Less than an hour's drive from Philadelphia lies Fonthill Castle, a stunning structure completed in 1912 as a home for archaeologist, anthropologist and ceramist, Henry Chapman Mercer.
The Mercer Museum is a history museum of everyday life in America during the 18th and 19th centuries. Henry Mercer (1856-1930) gathered the collection of of tiles and prints and constructed the Museum.
Things to See & Do
- Take the guided tour of this establishment and see 44 elaborate rooms, 32 staircases, and ceilings, walls, and windows decorated with tiles, mosaics and stained glass.
- Explore the collection of some 40,000 objects documents the lives and tasks of early Americans through the tools that met their needs and wants prior to the Industrial Revolution, or about 1850.
- Most of the 55 exhibit rooms and alcoves display the tools or products of an early American craft, trade or occupation.
- Peruse 55 exhibit rooms and alcoves display the tools or products of an early American craft, trade or occupation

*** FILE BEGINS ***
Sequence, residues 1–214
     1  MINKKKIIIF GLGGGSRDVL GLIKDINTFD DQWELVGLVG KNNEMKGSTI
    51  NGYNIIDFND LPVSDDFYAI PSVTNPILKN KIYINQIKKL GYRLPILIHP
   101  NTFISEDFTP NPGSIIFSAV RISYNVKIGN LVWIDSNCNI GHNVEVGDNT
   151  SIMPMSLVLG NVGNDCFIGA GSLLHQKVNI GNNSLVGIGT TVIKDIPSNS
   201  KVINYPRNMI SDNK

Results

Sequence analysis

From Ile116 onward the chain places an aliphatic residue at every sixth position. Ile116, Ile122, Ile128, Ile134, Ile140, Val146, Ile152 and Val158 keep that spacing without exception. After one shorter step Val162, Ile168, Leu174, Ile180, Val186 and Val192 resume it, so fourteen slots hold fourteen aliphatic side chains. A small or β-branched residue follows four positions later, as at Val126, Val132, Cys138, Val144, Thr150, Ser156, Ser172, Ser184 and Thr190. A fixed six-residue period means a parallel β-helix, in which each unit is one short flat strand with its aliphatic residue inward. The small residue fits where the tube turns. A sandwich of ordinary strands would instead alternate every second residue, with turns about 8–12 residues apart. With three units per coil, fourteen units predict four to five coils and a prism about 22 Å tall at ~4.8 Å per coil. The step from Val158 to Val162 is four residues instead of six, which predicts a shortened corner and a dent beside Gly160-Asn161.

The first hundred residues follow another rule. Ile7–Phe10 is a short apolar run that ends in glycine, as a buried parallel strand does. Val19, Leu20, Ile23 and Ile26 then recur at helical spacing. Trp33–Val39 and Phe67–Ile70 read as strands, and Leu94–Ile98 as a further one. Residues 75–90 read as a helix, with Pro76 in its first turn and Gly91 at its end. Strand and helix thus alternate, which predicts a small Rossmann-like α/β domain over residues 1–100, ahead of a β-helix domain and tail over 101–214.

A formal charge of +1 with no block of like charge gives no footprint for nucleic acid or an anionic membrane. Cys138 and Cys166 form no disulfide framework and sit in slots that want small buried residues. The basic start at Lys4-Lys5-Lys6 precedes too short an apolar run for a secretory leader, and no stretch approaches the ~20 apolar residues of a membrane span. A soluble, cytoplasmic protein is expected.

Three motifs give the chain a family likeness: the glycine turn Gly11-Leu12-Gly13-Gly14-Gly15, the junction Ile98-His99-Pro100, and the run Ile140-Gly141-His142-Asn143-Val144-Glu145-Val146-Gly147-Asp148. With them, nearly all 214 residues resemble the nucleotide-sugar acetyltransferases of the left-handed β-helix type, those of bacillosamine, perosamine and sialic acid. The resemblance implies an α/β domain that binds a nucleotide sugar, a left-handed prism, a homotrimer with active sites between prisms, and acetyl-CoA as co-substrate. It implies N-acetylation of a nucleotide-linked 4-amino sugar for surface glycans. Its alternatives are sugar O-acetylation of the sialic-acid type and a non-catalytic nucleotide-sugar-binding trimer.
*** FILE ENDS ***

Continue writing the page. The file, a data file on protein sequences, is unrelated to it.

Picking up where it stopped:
- Peer out one of the 200 windows surrounding the castle to see the beautiful countryside.
- Admire the handcrafted tiles within, many from Mercer's own facility, Moravian Pottery and Tile Works, and others collected from his worldwide travels.
Fonthill Castle and Museum Insider Tips
- Guided Tours only.
- Reservations strongly recommended.
- Henry Mercer loved dogs, and his favorite breed was the Chesapeake Bay retriever. He had many of these dogs, some of which were named Jack, Sailor and Larry. Mercer’s favorite at the time of the construction of the Mercer Museum was 'Rollo'. Mercer allowed Rollo to run through wet concrete in the newly constructed parts of the Museum. His enormous paws left equally large prints, which are still evident to Museum visitors on “Rollo’s Stairs” between the fifth and sixth floors today. Fonthill Castle also features “Rollo’s Stairs” – discover paw prints in the concrete stair treads in the Columbus Room.